Individuals who wish to immigrate to Quebec to start or purchase a business can apply through Quebec’s business immigration programs:
3. Temporary workers
Individuals pursuing temporary work in Quebec must obtain authorization from the provincial government under the Temporary Foreign Worker Program. It is recommended by the province to have confirmation of employment and authorization before making travel plans to come to Quebec.
4. Foreign students
Individuals wishing to study in Quebec must be enrolled in a designated post-secondary institution. Quebec has a strong population of international students, especially at larger research institutions like McGill, Laval, and Concordia.
Tip: To move to Canada as an international student, see our article on how to obtain a student permit.
5. Family reunification
The Quebec Immigration department regularly updates wait time information on family reunification immigration.
If you do not qualify for any of the above programs, you may be able to come to Quebec through a federal immigration program instead. Refer to the list of other immigration options to find the best fit for your personal needs in your journey to Canada.
Be sure to thoroughly research all of your Canadian immigration options on the Government of Canada website or speak with an authorized immigration consultant before applying.
Resources for newcomers in Quebec
There are many groups dedicated to the support and understanding of the newcomer journey in Quebec. Here are some great newcomer resources to help you get started:
- YMCA/YWCA of Quebec
- YES Montreal
- Ami Quebec – list of cultural and ethnic communities
- South Asian Women’s Community Centre Montreal
- Association Quebec-France
- Centre multiethnique de Quebec
- Centre international des femmes de Quebec
- Salvation Army Immigrant and Refugee Services
Tip: Calling the phone number 211 or visiting Quebec’s 211 website can give you immediate newcomer resources in over 200 languages.
Grocery shopping in Quebec
There are many options for affordable food shopping in the province of Quebec. Once you figure out which neighbourhood and city you plan to live in, take a quick look on Google Maps to find grocery stores near you that fit your price range and food preferences. Ask neighbours and new connections where they like to grocery shop to find hidden gems in your city.
Chain grocery stores usually offer a wide choice and consistent service for low prices. To get you started, here are some well-known grocery retail chains that typically carry internationally-sourced products:
- Super C
- Marché Adonis (specializes in Mediterranean cuisine)
- Oriental Market St. Denis (Montreal, specializes in Asian cuisine)
- Costco (specializes in bulk items)
Tip: Grocery store chains typically have loyalty-points systems to reward regular customers with free or discounted items. If you find yourself always shopping at the same grocery store, ask to be signed up for their loyalty program to start earning redeemable points.
Specialty and ethnic foods can be easy to find in Quebec if you know where to look. Bigger cities with large newcomer populations typically have the most selection of international foods and goods, in the neighbourhoods where newcomers tend to settle. In Montreal, there are large Italian and Algerian populations in the district of Saint-Leonard, many people of Lebanese, Moroccan, and Chinese descent in the Saint-Laurent District, and many individuals of Haitian descent in Montreal-Nord.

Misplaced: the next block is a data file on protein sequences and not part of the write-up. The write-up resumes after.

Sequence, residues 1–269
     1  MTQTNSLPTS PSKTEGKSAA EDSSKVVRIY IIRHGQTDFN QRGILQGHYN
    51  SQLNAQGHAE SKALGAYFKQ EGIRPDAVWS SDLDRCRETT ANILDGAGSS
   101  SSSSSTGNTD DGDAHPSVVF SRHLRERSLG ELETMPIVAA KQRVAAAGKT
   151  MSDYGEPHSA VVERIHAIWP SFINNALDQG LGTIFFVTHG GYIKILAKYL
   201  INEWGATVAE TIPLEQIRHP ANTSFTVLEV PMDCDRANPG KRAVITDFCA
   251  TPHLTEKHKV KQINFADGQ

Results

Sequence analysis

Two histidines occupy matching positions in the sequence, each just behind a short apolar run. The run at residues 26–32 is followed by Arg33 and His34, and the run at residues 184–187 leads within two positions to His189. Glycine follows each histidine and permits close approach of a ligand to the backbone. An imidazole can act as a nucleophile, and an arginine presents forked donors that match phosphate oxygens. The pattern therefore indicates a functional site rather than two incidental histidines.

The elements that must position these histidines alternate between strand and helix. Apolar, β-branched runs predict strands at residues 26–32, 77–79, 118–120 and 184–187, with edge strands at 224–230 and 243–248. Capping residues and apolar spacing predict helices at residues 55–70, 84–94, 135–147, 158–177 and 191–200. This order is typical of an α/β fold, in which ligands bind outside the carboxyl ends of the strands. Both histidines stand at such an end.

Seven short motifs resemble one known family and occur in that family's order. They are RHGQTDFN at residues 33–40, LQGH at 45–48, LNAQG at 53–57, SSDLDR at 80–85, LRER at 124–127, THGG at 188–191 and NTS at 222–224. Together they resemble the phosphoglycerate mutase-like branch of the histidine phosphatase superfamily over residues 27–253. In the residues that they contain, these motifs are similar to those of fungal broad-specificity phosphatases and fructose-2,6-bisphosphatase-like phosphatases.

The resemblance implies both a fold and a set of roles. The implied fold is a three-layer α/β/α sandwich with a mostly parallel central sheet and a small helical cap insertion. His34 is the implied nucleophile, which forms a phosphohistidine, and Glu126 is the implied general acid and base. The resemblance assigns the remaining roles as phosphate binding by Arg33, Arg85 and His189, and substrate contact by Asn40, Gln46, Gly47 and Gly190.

|“Supermarkets in Montreal like PA and Super C are great for variety and low-cost foods. I also enjoy heading out to local markets often. Jean-Talon is my favourite market spot to find local farmers and producers.”
– Chantal, Montreal resident
Public markets are one of the best places to look for fresh ingredients grown locally or specially imported foods. Public markets can be a fun way to get to know your community and taste great food. See these famous local markets in Quebec and Montreal:
- Jean-Talon market
- Atwater market
- Maisonneuve market
- Public Market Sainte-Foy
- The New Grand Market
Transportation options: How do you get around in Quebec?
Quebec’s public transportation is an efficient way to move around your city. Most communities have some form of bus or subway transportation. Monthly passes in large cities with extensive transport systems like Quebec City and Montreal can be over $90 CAD per month, but usually cost less in smaller communities as well as being discounted for children, students, and seniors.
Cycling is very popular in Quebec, adding to the European feeling and charm of some cities. Consider cycling to commute – instead of driving or taking transit – to add some exercise and get to know your city well. Knowing Quebec’s bicycle safety code is vital before getting on the road.
If you plan to live in northern or rural Quebec, or you do not plan to ride public transportation, consider renting, leasing, or purchasing a motor vehicle. The Government of Canada outlines the pros and cons of purchasing or leasing a vehicle as a newcomer in any region. Vehicle costs add up quickly, so it is important to include this plan in your budget for your first few months in Canada.
Tip: Try calculating your planned routes in between your home, your place of employment, homes of friends and family, and other significant locations like the grocery store or bank on Google Maps. You will be able to judge the length and congestion of your route at peak rush hour (7-9 a.m., 4-7 p.m.) to give you an idea of your future transportation needs.
Quebec’s unique French-Canadian character and pride make it a very special place for newcomers to make a home in. Beautiful European-inspired cities lay close by to rivers and lakes for newcomers to easily take in everything Quebec has to offer. For French-speaking newcomers, Quebec may be a natural choice. However, the province has much to offer newcomers who don’t speak French with the curiosity to learn about Quebecois culture and the work ethic to succeed in a new job and lifestyle in Canada.